Growing a Forsythia from Seeds Growing a Forsythia from Seeds

What You'll Need
Healthy forsythia seeds
Peat moss, manure or compost
Spray bottle
Germination tray
Trowel

Forsythia are generally grown from cuttings but you can also propagate from forsythia seeds. The brightly colored yellow-golden shrub is widely recognized across America as a sure sign that spring has arrived. You can plant the seeds indoors or outdoors. Seeds can be obtained from a garden center. You can also gather seeds from a mature forsythia plant. Indoor planting will require pots or a germination tray. If you choose to plant outdoors, it is best to set up a nursery bed. Below is a guide to help you grow your forsythia from seeds.

Step 1 - Prepare Site

For indoor planting, prepare the containers or germination tray. It is best to use well-drained soils of average fertility. Soil acidity should not exceed ph 5.0. Sandy loam soils are the most ideal for planting forsythia seeds. Fill your containers with soil and mix in some peat moss, compost or manure. Place adequate soil up to about half an inch from the top. Press the soil down lightly to secure in place. Avoid firm pressure on the soil as this can hinder germination. For outdoors planting, select a site that receives some sunlight for at least 4 hours during the day. Some shade should also be available, ideally from a tree or hedge. In the absence of trees, you can also put up a shade or canopy. This will protect the young seedlings from heavy rains and scorching sun. Mix some manure into the soil before you plant.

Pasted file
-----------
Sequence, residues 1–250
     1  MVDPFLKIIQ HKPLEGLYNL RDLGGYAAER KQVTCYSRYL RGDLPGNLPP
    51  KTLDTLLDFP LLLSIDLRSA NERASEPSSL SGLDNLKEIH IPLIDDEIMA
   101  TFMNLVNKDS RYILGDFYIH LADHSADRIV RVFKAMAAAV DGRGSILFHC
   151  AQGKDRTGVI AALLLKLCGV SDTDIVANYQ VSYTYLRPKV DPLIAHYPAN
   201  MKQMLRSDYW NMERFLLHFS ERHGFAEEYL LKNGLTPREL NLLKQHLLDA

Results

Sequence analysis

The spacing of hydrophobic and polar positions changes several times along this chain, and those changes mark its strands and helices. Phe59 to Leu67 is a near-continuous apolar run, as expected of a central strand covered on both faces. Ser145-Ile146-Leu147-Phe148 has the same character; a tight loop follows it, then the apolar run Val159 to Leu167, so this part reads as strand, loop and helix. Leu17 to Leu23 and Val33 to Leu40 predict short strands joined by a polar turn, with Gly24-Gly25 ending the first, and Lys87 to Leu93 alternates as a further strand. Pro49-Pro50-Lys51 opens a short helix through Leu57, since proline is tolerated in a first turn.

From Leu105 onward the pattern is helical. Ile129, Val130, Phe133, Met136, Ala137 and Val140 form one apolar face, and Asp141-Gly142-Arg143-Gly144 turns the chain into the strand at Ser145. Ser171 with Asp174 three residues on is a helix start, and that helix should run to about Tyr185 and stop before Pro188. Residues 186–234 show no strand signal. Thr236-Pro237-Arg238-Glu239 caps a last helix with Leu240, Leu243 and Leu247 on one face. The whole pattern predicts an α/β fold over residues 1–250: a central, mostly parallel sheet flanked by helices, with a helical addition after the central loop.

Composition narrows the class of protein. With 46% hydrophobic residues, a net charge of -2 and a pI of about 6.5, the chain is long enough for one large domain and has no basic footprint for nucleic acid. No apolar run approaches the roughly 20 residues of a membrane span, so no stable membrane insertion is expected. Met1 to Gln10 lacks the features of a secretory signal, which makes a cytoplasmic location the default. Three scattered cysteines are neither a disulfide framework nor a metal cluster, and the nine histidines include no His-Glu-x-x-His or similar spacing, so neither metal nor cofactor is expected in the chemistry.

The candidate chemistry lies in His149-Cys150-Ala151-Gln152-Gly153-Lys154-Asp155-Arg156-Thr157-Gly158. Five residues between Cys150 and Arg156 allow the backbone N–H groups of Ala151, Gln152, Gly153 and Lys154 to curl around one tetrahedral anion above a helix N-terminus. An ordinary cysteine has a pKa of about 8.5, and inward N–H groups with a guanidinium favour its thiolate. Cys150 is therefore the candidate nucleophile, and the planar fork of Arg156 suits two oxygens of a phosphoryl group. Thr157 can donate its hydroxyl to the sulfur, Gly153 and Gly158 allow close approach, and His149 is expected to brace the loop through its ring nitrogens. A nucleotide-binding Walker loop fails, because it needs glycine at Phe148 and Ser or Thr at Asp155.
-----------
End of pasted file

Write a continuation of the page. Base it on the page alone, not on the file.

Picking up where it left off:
Step 2 - Sowing Seeds

You can plant the seeds indoors at just about any time of the year. This is because you have the benefit of a regulated environment indoors. The best time to sow seeds in the nursery bed is in the spring after the last frost. For seeds planted indoors, place just a few in each container or compartment of the germination tray. Select the most sturdy seedlings after germination for transplanting. If planting outdoors, place seeds no more than half an inch into the soil. Do not bury them deeply as they may rot and seed germination will be prevented.  

Step 3 - Watering

Put water in a spray bottle and spray the seed beds lightly. Apply water twice a week during the first 8 weeks. Thereafter, you can water once weekly. It is important that the soil is consistently moist but not wet. Avoid creating wet soil conditions as this will overwhelm the seeds. They are likely to be suffocated and rot.

Tips for Care

  • For indoors planting, place the germination tray or pots in a warm, humid place. Make sure the site receives plenty of natural light. However, do not place in a full sunlight area. Once the seeds sprout, move into a direct sunlight area.
  • Cover the germination tray with a perforated plastic lid to allow breathing. Keep the tray covered except when spraying water.
  • Do not allow the soils to dry out as seed germination may be disrupted.

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